Science Blogging: The Essential Guide
by Christie Wilcox, Bethany Brookshire, Jason G. Goldman, Editors. Yale university Press, 2016.
There is a little something for everyone in this book. On the other hand, as the editors themselves clearly state in the introduction, each chapter will likely be useful to only a subset of its targeted readership (therefore the description of this book as “essential” is a tad of a stretch in my opinion…). That being said, the editors did a particularly good job in their introduction, explicitly stating the topics of each chapter.
I must say that I enjoyed reading the whole book though. As expected from all the authors, the book is very well written, no question about it. However, the editors deserve all the recognition they can get for integrating the different styles of so many talented writers into a coherent whole. This is the best feature of the book. I also loved that almost every chapter included quite a few notes with very useful references and suggestions for further reading.
As usually happens in an anthology-type book, the various writing styles resonate with various types of readership. Here we have everything from systematic explorations of the topic at hand to essentially “pep-talks” to motivate the reader to blog. All of these approaches have their usefulness. As you may expect, my review is largely based on the chapters that I liked the most or that were the most useful to me. In no way I am implying that the chapters I do not mention are bad. That being said, here are my “gems”:
Using science art and imagery in a blog (G. Mellow)
***As a non-artistic person, I learned quite a bit from this chapter.
Ethical consideration for science bloggers (J.D. Stemwedel)
***Now, this chapter should be labelled “hyperessential”!
Indie blogging: On being a “Ronin” (Z. Faulkes)
***I personally identified with this chapter, as an independent blogger, professor, and neuroscientist.
Blogging as a resource for science education (M.-C. Shanahan)
***Education is my day job; need I say more?
Blogging about controversial topics (E. Willingham)
***I am an autism parent (and an opinionated one at that), and I am not afraid to express my opinions in such a controversial topic (see next entry below).
Persuading the unpersuadable: Deniers, cynics, and trolls (M. Tannenbaum)
***I’ve crossed swords with these three types of commenters, and in this chapter I found many useful ideas to deal with these types of interactions.
From science blog to book (B. Switek)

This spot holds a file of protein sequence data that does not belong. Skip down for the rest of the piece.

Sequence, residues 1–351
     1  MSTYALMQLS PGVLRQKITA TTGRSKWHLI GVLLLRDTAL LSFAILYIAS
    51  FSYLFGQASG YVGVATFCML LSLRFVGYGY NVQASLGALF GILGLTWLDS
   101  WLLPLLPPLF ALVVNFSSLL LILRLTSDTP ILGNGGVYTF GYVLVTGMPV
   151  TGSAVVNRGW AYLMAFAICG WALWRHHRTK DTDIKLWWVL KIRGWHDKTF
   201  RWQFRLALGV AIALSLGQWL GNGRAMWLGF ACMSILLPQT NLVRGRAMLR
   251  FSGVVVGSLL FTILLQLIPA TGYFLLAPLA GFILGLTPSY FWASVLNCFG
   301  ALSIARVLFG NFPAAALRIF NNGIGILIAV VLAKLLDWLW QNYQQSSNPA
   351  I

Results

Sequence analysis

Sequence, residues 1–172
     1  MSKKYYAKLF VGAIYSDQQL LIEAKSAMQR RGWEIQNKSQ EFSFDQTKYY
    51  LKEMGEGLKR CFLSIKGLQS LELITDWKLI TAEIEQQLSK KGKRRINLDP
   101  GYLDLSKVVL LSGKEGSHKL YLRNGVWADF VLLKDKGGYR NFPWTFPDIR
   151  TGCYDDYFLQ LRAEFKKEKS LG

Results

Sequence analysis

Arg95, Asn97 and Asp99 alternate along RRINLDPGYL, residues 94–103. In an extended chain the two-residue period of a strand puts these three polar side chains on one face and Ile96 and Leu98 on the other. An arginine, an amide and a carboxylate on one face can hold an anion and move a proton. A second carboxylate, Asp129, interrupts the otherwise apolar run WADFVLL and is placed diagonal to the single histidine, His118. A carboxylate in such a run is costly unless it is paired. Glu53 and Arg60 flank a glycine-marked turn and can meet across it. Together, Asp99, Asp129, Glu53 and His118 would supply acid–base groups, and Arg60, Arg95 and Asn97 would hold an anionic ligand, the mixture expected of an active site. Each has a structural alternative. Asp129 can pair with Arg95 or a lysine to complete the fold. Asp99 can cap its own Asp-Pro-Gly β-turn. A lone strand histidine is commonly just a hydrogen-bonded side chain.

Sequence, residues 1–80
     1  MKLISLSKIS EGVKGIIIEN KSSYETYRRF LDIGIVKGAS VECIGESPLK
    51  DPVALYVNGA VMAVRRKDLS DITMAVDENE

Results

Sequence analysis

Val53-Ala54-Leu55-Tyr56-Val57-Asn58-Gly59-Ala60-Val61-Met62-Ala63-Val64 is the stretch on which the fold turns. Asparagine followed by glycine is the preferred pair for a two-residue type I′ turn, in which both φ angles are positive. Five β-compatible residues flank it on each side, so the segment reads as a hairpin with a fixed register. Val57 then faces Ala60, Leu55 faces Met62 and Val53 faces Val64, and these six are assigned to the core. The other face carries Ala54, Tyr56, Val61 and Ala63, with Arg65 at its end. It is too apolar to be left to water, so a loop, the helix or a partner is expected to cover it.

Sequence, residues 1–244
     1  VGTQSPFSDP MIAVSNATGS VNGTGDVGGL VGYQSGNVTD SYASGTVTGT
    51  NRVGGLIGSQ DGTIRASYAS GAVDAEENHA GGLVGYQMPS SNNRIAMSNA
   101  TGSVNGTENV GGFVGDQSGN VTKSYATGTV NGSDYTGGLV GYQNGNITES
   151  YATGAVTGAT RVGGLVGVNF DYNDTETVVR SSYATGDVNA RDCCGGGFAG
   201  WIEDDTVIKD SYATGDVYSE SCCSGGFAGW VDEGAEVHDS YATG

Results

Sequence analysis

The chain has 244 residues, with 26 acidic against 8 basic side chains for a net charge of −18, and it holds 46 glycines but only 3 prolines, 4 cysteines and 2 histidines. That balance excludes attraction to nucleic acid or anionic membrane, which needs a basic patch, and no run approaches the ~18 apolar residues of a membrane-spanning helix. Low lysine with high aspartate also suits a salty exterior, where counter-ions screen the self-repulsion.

***This chapter has a special meaning to me, because I credit the blogs of Mr. Switek and Dr. Mark Changizi (another blogger and scientist) with inspiring me to blog so I can test the proverbial waters to see if I had the ability to write a book. It did work out, and these two gentlemen were acknowledged in my first book!
Science and the art of personal storytelling (B. Lillie)
***This chapter was very useful to me because I want to try to develop a friendly style of blogging, mainly free of my scientific jargon. I aspire to continue writing popular science.
Now for the bad news…
I had a strong visceral reaction when I read Chapter 5, “Building an audience for your blog” by Mr. E. Yong. Mr. Yong is a very well-regarded journalist and science writer. If you are even peripherally interested in science blogging, you have most certainly read him. His chapter makes for excellent reading. However, I got really irritated when I read the following: “When I started Not Exactly Rocket Science as an independent WordPress site, I had just a few hundred page views a day for at least eighteen months…”
Here’s my problem with his statement: Any beginning blogger would ***love*** to have even just a hundred page views per day. Was this a typo? Did he mean “…a few hundred page views per month”? If not a typo, I find the statement rather patronizing and very discouraging to a budding science writer (and I, for one, would love to know how to get a few hundred views per day in a brand new blog). I could go on, but for now I will just say that I would like this point to be clarified. I am almost positive this is a misunderstanding of some sort.
In summary, if you are interested in the wonderful world of science blogging, there will be something for you in this book. I do not think that you will be disappointed.
Credit: Yale University Press
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